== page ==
The Lastest Macroeconomic News
31.10.2017 18:53 Russian retail sales to grow 1 pct in 2017, supporting economy
Russia retail sales are seen increasing more than 1 percent this year as rising incomes fuel consumer demand, supporting a fragile recovery in the wider economy. Retail sales plunged 5.2 percent last year as the economy was battered by lower oil prices and Western sanctions over Moscow`s actions in Ukraine. The median forecast of 22 analysts and economists polled by Reuters in the past week was for retail sales to rise by 1.1 percent year-on-year in 2017 and 2.3 percent in 2018. Stronger retail sales should help the economy grow by 1.8 percent this year, the poll showed. The improvement in living standards comes at a good time for Russian President Vladimir Putin, expected to run for re-election in March next year.
29.10.2017 20:27 Russia Central Bank Cuts Rate Again, Signals More
Russia`s central bank slashed its key interest rate for a second successive policy session and suggested that more reductions are likely, as policymakers remained worried about inflation overshooting the bank`s 4% target for this year. The Board of Directors decided to cut the key rate by 25 basis points to 8.25%, the Bank of Russia said in a statement on Friday. The reduction was in line with economists` expectations. In September, the bank had cut the rate by half a percentage point. The latest reduction was the fifth this year. "Medium-term risks of inflation overshooting the target dominate over the risks of its persistent downward deviation," the bank said. "In recognition of this, the Bank of Russia`s ongoing transition from moderately tight to neutral monetary policy is gradual."
26.10.2017 13:30 Poll: Global economy set to do better in 2018; not much inflation pressure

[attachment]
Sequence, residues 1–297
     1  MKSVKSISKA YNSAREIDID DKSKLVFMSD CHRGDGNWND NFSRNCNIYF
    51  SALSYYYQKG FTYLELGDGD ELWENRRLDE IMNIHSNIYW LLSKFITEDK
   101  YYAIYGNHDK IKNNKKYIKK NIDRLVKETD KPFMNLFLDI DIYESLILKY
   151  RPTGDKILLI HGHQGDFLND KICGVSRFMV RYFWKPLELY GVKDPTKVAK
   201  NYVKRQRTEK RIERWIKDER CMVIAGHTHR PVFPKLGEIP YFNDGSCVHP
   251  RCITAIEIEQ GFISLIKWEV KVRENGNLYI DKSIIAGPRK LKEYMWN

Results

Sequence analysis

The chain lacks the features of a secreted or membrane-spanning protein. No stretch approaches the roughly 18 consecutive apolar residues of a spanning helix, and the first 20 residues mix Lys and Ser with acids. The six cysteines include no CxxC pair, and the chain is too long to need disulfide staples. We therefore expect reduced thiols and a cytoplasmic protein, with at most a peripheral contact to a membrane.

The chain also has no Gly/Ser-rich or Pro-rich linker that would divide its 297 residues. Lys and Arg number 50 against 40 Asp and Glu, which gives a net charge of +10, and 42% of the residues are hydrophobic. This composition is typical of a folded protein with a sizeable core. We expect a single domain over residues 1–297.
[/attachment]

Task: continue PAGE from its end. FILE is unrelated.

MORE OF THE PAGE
The global economy is on its best roll in years and set to do better in 2018, but economists in Reuters polls around the world mostly said synchronous growth is not about to spawn significant price pressures. Indeed, while several major central banks have shifted their bias away from ultra-easy monetary policy, with a few notable exceptions, inflation remains below their targets and is generally set to stay that way in the year ahead. "It is becoming a familiar refrain. Another quarter, another set of upward revisions to our global growth forecasts, another downward revision to our global inflation forecasts," said Janet Henry, global chief economist at HSBC. "But for developed world central banks, the task is getting ever harder. Tackling both low inflation and rising financial stability risks will demand a delicate balancing act by central banks and a more nuanced approach to inflation targeting if the global expansion is to be sustained." In Reuters surveys taken Oct 3-24 of more than 500 economists across Asia, Europe and the Americas, 2017 and 2018 growth forecasts for nearly three-quarters of the 48 economies polled were raised or left unchanged.
25.10.2017 17:15 Red October: Russia of 1917 and 2017 closer than might be expected
It is 100 years on Wednesday, using Russia`s old calendar, since Vladimir Lenin`s Bolsheviks stormed the Winter Palace in what is now St Petersburg and took power. Not a lot has changed. Well, not in economic terms, according to research by Renaissance Capital, an investment bank specializing in the region. It says the Russias of 1917 and 2017 have more in common than might be expected. Take, for example, debt. Just before the Red October revolution, around a third of Russian debt was held by foreigners. Same today. Pre-1917, foreigners got 5-8 percent dividend yields from Russian utility shares. Same today. Pre-Soviet Russia lagged the major world powers in industrial might, but was considered on a par with Brazil and Mexico. Pretty much the same as today. Raw materials were pre-1917 Russia`s mainstay, comprising two-thirds of its exports. It is still two-thirds in 2017, Renaissance, an emerging markets-focused investment bank, says.